GAA President Nickey Brennan has given his strongest indication yet that the use of GAA facilities by AFL scouts and clubs for recruitment purposes will not be tolerated by the Gaelic Games organisation.
Brennan branded the use of facilities at Kingspan Breffni Park last Friday by an AFL agent as a 'cheeky' move and 'illegal'.
'There was some "illegal" action if I could use that word but maybe I will refrain from using it,' Brennan said.
'I know that an Australian agent Ger Sholly had a couple of players in for a kick around or a session - whatever you would like to call it.
'Now you couldn't conduct a lot with only five or six players there. I won't say who but he was accosted by an individual from Cavan and told that he should get out of the place.
'As I have said in a number of media outlets, he was rather cheeky to do what he did without getting the permission in the first place.
'With Feile taking place, the place was pretty open and there were lots of things happening there relating to Feile.
'Those of you who know Breffni Park would know that you can slip into the back pitch quite easily and maybe not be noticed. But he was noticed and he was duly told that he shouldn't be there.'
And while Brennan was high in his praise of the Cavan officials who dealt with last Friday's incident, he also warned County Boards that the unofficial use of their facilities by other sporting bodies will not be tolerated.
He reiterated that GAA grounds under no circumstances can be used for possible recruitment for the AFL.
'We don't allow it end of story. If people are doing it they shouldn't be doing it. It's in black and white it's as simple as that.
'They don't have sanction and I will be saying that no County Board has the right to give them sanction either and I don't think they would to be fair.'
While the Kilkenny man was bullish in his comments towards the AFL's recruitment policies at present, he welcomed the open and frank discussions which took place recently involving himself, GAA Director General Paraic Duffy and AFL agent Rickey Nixon.
'Ricky Nixon is due to submit a formal document to Paraic which we can use to discuss ourselves in-house to make sure that we are quite 'au fait' with what he has in mind,' he enthused.
'It's one thing saying something to us at a meeting, and he was upfront. In fairness we were happy enough from that point of view. But let's put it on paper and see where we go from here.
'In fairness to Ricky Nixon, because he is the only one we have spoken to, we know that anything that he will do will not be done in a GAA facility.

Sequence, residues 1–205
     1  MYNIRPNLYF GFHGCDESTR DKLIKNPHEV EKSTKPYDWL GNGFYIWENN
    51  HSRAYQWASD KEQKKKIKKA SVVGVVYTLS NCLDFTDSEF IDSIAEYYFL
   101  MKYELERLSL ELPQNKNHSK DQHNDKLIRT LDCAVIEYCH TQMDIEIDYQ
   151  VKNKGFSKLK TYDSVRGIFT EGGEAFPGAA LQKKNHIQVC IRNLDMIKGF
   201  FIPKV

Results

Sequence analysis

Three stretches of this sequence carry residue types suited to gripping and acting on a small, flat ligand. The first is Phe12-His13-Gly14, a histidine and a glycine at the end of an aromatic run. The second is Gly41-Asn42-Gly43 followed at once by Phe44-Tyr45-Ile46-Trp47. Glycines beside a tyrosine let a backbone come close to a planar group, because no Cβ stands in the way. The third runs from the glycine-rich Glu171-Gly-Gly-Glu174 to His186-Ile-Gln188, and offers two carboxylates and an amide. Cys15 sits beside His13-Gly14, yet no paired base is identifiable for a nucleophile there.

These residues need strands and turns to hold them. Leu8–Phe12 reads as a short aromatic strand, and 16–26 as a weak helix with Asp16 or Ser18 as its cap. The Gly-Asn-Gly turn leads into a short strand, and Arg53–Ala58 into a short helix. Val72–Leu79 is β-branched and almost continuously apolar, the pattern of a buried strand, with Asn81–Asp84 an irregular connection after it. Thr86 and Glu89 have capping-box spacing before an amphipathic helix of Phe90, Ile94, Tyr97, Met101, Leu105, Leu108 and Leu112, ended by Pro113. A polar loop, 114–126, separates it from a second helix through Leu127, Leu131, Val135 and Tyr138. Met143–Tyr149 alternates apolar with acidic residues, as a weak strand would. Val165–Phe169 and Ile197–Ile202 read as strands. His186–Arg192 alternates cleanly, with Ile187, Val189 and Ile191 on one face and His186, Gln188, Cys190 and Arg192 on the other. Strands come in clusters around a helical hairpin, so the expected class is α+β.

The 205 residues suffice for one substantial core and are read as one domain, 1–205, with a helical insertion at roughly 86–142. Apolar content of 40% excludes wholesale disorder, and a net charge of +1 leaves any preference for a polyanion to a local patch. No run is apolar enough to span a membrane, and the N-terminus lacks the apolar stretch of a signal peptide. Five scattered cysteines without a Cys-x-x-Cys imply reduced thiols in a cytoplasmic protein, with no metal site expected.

'He will use other facilities – perhaps other sports or public parks. There is no issue about that.
'We want to regularise and get some control over this but we want to make it absolutely clear. We are not in the business of encouraging anybody to go (to the AFL) – let's be absolutely clear about that.
"The loss of these players to their counties and more especially to their clubs is devastating.
'We are trying to work out how best, if this is the carry on, and I don't go with the whole thing that there is going to be an avalanche of players going – that's not going to happen because they ain't here to go.'
Brennan was also keen to distance himself and distance the GAA from the 'tit for tat' war of words in the media at present involving ex GAA players Jim Stynes and Tadhg Kennelly and AFL agent Nixon.
'There is a bit of tit for tat going on, and obviously Tadhg Kennelly and Jim Stynes have become involved in that.
'We aren't getting involved and as far as we are concerned, we will deal with the thing in a full and straight-forward manner.'
Brennan and Duffy are now prepared for the next stage of a consultation process in relation to AFL recruiting of players, with the duo to meet AFL officials during the International Rules tour to Oz this autumn.
'We have met Nixon at the behest of Adrian Anderson of the AFL. We have that part done now, we are awaiting his report and we will deal with it in-house and we will go to Australia and conduct our business in Australia while we are there with the International Rules.
'What happens outside of that in the media, we'll obviously respond if we are asked questions by yourselves, but we are not getting into that scene at all," he insisted.
'We are in the business of conducting things in the best possible manner behind closed doors with the relevant people.'
And Brennan also explained that the return of the International Rules series this autumn has nothing to do with this resurging interest in the recruitment of upcoming GAA players by AFL scouts.
'I think there are a couple of things happening here. The AFL are expanding with new clubs and there is a bit of hype about getting additional players,' added the President.
'I think also the fact that of all people, Martin Clarke has probably focused a bit on potential talent from Ireland.
'It's nothing to do with the International Rules series and anybody linking the two is missing the point big time.'